Artist and designer Ben Denzer shares an assignment to make an ATYPICAL BOOK. He’s made books from meat, toilet paper, ketchup packets, and lottery tickets, among much else. Your challenge: 1) Make a book that is atypical in terms of its form or material + 2) Share it on Instagram or Twitter with #youareanartist.
What is art? How do we define art? In this episode, we explore some of the many ways that artists and writers and thinkers have defined and understood this thing we call art.
Artists have abandoned artworks for many reasons throughout history. Guest host John Green shares some of his favorite unfinished artworks and explains why they resonate with him so deeply. Featuring work by Michelangelo, Leonardo da Vinci, Edgar Degas, Alice Neel, Kerry James Marshall, and very many presidential portraits.
Cécile McLorin Salvant is a visual artist and Grammy Award-winning jazz singer, and she shares with us an art assignment on creating your own Theme and Variation Cut-Out.
Artist and educator Allison Smith shares her thoughts and library of books about art made in adverse circumstances. Featured are Vladimir Arkhipov's project Home-Made, archiving Russian artifacts made during Perestroika, and Trench Art, or art and objects made during armed conflict, highlighting works from Trench Art: An Illustrated History by Jane A Kimball.
What art that brings you comfort right now? What art do you want to be thinking about? In this episode, we make a book of art by Alec Soth, Miyoko Ito, Giorgio Morandi, Vija Celmins, Sam Gilliam, Sheila Hicks, and Wayne Thiebaud.
The artist Frida Kahlo is a larger-than-life icon, known for the masterful self-portraits she made during her turbulent life (1907 - 1954). We take a close look at her painting The Two Fridas (Las Dos Fridas), and consider what it tells us (and doesn't) about her as a person and her wider body of work.
What is Art Therapy? How can you use aspects of it in your next art encounter? We explore these questions at the Sidney and Lois Eskenazi Museum of Art with art therapist Lauren Daugherty.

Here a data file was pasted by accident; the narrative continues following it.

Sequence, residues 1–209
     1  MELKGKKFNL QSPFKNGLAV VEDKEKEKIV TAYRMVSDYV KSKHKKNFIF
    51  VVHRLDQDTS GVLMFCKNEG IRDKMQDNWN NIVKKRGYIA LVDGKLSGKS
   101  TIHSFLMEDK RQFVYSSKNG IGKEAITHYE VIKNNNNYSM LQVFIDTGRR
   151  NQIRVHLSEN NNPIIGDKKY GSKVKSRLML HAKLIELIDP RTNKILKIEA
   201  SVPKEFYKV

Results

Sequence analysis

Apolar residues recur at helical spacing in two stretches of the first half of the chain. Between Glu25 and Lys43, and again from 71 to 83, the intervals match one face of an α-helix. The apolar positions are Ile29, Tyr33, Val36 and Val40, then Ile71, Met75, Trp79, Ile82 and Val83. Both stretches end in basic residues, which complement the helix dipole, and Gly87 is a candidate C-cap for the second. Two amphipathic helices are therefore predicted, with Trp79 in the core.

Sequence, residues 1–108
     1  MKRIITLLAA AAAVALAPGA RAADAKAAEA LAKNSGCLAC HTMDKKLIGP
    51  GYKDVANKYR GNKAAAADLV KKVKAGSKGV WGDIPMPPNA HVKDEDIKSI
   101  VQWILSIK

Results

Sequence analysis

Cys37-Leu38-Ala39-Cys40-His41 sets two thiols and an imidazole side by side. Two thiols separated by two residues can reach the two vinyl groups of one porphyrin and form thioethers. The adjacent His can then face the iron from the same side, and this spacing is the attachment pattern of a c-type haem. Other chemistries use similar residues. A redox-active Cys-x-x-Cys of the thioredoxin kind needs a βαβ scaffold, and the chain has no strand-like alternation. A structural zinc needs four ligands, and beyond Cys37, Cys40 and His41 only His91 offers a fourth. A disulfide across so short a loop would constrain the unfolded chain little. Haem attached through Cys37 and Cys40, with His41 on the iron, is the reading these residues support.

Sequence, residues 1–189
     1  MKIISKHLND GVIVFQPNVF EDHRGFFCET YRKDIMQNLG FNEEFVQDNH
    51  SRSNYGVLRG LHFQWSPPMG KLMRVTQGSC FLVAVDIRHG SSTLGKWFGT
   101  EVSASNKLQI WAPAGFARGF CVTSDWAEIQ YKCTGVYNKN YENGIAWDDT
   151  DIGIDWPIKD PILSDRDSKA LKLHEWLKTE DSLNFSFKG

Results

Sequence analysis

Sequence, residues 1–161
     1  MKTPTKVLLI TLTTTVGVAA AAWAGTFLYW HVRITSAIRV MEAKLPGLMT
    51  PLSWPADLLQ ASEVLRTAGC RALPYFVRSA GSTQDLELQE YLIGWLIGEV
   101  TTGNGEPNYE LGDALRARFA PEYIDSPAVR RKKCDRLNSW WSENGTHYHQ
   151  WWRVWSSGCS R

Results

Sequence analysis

Artist Henri Rousseau painted The Dream in 1910, and its imagery of a woman lounging on a sofa in the middle of a jungle was as surreal then as it is today. What is it about this artwork that captivated audiences then and now?
Artist Maurizio Cattelan duct taped a banana to a wall, titled it "Comedian", and sold 5 editions of the artwork for as much as $150,000 each. Why did it capture our attention, curiosity, and memes? What does it mean?
Many of us who make and appreciate art spend loads of time on Instagram. How is it changing the way we interpret and interact with art? And is it actually changing the art that gets made? Let's find out.
Corporate lobbies and board rooms are often graced with impressive art, but why? What's the rationale behind this expense, and what impact does it have on the rest of the art world? We look at the history of corporate collecting, starting with Chase Manhattan Bank in 1959, trace its meteoric rise since, and work through the reasoning behind it.
Impressionism is one of the best known and loved movements in Art History, but why? We present a case for why Impressionism is interesting and worth your attention and admiration, beyond the famous names behind it of Claude Monet, Berthe Morisot, Edgar Degas, Pierre-Auguste Renoir, Mary Cassatt, Alfred Sisley, Camille Pissaro, Gustave Caillebotte, Paul Cézanne, et al.
Do you question your ability to talk about art in a coherent way? Here are tips for how to sound like you understand art, even if you've never taken a class or set foot in a museum.
This episode of Art Cooking explores the life, art, and eating habits of the great Impressionist artist Claude Monet. We prepare a menu based on the journals Monet kept during his years in Giverny, France, enjoying the freshest produce from the vegetable garden he kept along side the extensive flower and water gardens you recognize from his paintings.